Before Disney and crowd took over 42nd Street in New York City and disneyized it, I was cutting through that way during a vacation.
A man of questionable looks and intent sidled close to me as I was walking He said in almost a whisper: "Coke. Meth. Pot." I ignored him and kept walking. "Girls, guns." I ignored him again. Exasperated, he finally said audibly, "What DO you want?" "Nothing," I said. "I am just cutting through." His face and voice confirmed he could not believe it. It just couldn't be true.
Friends of mine, especially those in their 20s, have that same disbelieving voice and look when I tell them, "No, I don't own a cell phone." They, on the other hand, can't live without one.
So far I have gotten to this ripe old age without cell phones, beepers, answer machines, call waiting, call forwarding, salad spinners, cruise control, fuzz busters or Palm Pilots. I especially don't have one of those devices around my waist that pushes at the fat and makes it melt away and gives me a six-pack. I already have a six-pack. It just happens to be in the refrigerator.
Don't get me wrong. I am not the rider in the horse-drawn carriage cursing the new-fangled automobile or the would-be UNA bomber waving my fist at technology.
I must admit that until I got my new truck the other year, I drove old beat-up $500 VWs and could have used a cell phone when I broke down at midnight on a long stretch of dark country road.
I have just not bought all the devices. Whether my world is better for it or worse I have not given much thought.
Like most Southerners, I must admit I love to talk and love to hear myself talk. But I am also honest enough to say that nothing I have to say can't wait until I maneuver through the traffic and get to that little black phone on my desk. I see mothers and wives holding shirts in department stores, describing them over flip phones to someone before they buy them. Darn it, make a decision and live with it. That's what they make the exchange policy for.
I do enjoy the little technology I do have. The channel changer is one fine device. My hand knows even before my mind that I am bored and it instantly brings in a new program for 30 seconds before I move on.
I swear this is true, since you can't make stuff like this up, but I was at a friend's house once and he was frantically looking for the channel changer and said, "If I don't find it, we're going to miss the start of the game." I thought he was kidding, but then realized that he had never known a television without a flipper. I stood up and went over and changed the channel. "You know," I said, "There are knobs on the television so you can change it by hand."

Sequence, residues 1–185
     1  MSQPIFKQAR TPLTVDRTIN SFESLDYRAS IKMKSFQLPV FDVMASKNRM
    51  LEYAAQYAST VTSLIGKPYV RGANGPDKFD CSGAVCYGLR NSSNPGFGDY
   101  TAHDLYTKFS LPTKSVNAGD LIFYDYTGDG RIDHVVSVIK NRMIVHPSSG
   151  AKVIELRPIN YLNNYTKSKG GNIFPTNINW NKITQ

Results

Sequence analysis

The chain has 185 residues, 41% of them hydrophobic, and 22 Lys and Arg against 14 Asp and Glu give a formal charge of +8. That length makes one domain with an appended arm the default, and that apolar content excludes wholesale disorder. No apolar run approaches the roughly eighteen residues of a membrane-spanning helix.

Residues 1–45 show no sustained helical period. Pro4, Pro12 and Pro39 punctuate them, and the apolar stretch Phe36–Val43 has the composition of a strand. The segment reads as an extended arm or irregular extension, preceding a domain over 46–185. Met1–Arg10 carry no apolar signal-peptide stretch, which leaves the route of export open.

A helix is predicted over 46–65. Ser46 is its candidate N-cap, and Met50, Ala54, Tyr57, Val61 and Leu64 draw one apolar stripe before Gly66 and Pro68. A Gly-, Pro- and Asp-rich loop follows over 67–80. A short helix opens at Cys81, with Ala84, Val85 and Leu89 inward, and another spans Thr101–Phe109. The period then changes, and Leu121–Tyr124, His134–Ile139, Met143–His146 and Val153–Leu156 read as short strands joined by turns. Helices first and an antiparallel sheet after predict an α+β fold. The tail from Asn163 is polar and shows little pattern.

I was sitting in a bar in New Orleans some years ago before the explosion of the use of cell phones and a customer came to get change for the pay phone. When he was out of ear-shot, the bartender said to me: "The two things the beautiful people in New Orleans can't pass without using are mirrors and phones."
The phone companies have succeeded in convincing us that we can't live without cell phones. Kids are running up huge bills. If they have to stand in line for tickets or some other needed thing, they used to interact with those around them, socializing. Now they immediately call a friend and they chat, thus avoiding any interaction with anyone other than close friends. It is also easier in a waiting room to yak for hours rather than reading a book.
Just like the chatlines on the Internet, much of these words spoken are conversations about nothing. Technology now has it so you can use that little phone and talk on the chatlines, thus doubling the "Whatsup? Kool" conversations they get to have.
Rod Serling, the inventor of "Twilight Zone" wrote a short story years ago about an astronaut on a distant planet who had a robot woman as a companion. When they came to get him and bring him back to earth, they told him there was only room in the spaceship for him and not the beautiful bucket of bolts he had been interacting with for years. He couldn't live without her. He told them to go back without him. He would stay forever with "her." Just as the spaceship roared out of sight, he looks around and his robot goes "booiiinggg."
I guess that had a profound effect on me without knowing it. The fear that one day the technology will all break and I will have to get out of my chair and change the channel again. Yikes.
Bob Paslay is assistant managing editor of the News Daily and Daily Herald. He can be reached at (770) 478-5753 Ext. 257 or email@example.com.